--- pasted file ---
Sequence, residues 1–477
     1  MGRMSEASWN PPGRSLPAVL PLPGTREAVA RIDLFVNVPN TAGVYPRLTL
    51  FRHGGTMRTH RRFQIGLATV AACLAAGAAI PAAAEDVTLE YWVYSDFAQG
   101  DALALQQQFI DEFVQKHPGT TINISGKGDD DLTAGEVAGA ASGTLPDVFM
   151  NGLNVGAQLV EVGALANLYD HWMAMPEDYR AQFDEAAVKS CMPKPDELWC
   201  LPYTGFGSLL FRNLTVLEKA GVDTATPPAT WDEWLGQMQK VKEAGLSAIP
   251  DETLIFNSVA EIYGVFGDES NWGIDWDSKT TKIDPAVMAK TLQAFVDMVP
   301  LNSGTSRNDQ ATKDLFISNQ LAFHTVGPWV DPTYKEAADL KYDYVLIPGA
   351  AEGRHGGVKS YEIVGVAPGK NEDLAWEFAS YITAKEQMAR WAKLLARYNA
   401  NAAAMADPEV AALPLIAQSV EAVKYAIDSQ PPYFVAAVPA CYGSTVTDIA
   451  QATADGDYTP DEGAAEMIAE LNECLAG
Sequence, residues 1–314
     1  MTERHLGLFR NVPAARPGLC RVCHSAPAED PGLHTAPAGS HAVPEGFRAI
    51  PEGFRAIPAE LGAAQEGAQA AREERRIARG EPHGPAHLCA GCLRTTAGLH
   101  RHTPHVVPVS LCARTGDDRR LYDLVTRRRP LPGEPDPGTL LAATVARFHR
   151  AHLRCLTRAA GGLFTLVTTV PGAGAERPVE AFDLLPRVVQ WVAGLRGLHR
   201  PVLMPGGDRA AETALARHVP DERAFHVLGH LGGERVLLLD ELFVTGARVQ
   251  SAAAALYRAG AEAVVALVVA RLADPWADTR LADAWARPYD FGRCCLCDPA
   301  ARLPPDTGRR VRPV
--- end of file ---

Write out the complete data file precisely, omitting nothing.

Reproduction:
Sequence, residues 1–477
     1  MGRMSEASWN PPGRSLPAVL PLPGTREAVA RIDLFVNVPN TAGVYPRLTL
    51  FRHGGTMRTH RRFQIGLATV AACLAAGAAI PAAAEDVTLE YWVYSDFAQG
   101  DALALQQQFI DEFVQKHPGT TINISGKGDD DLTAGEVAGA ASGTLPDVFM
   151  NGLNVGAQLV EVGALANLYD HWMAMPEDYR AQFDEAAVKS CMPKPDELWC
   201  LPYTGFGSLL FRNLTVLEKA GVDTATPPAT WDEWLGQMQK VKEAGLSAIP
   251  DETLIFNSVA EIYGVFGDES NWGIDWDSKT TKIDPAVMAK TLQAFVDMVP
   301  LNSGTSRNDQ ATKDLFISNQ LAFHTVGPWV DPTYKEAADL KYDYVLIPGA
   351  AEGRHGGVKS YEIVGVAPGK NEDLAWEFAS YITAKEQMAR WAKLLARYNA
   401  NAAAMADPEV AALPLIAQSV EAVKYAIDSQ PPYFVAAVPA CYGSTVTDIA
   451  QATADGDYTP DEGAAEMIAE LNECLAG
Sequence, residues 1–314
     1  MTERHLGLFR NVPAARPGLC RVCHSAPAED PGLHTAPAGS HAVPEGFRAI
    51  PEGFRAIPAE LGAAQEGAQA AREERRIARG EPHGPAHLCA GCLRTTAGLH
   101  RHTPHVVPVS LCARTGDDRR LYDLVTRRRP LPGEPDPGTL LAATVARFHR
   151  AHLRCLTRAA GGLFTLVTTV PGAGAERPVE AFDLLPRVVQ WVAGLRGLHR
   201  PVLMPGGDRA AETALARHVP DERAFHVLGH LGGERVLLLD ELFVTGARVQ
   251  SAAAALYRAG AEAVVALVVA RLADPWADTR LADAWARPYD FGRCCLCDPA
   301  ARLPPDTGRR VRPV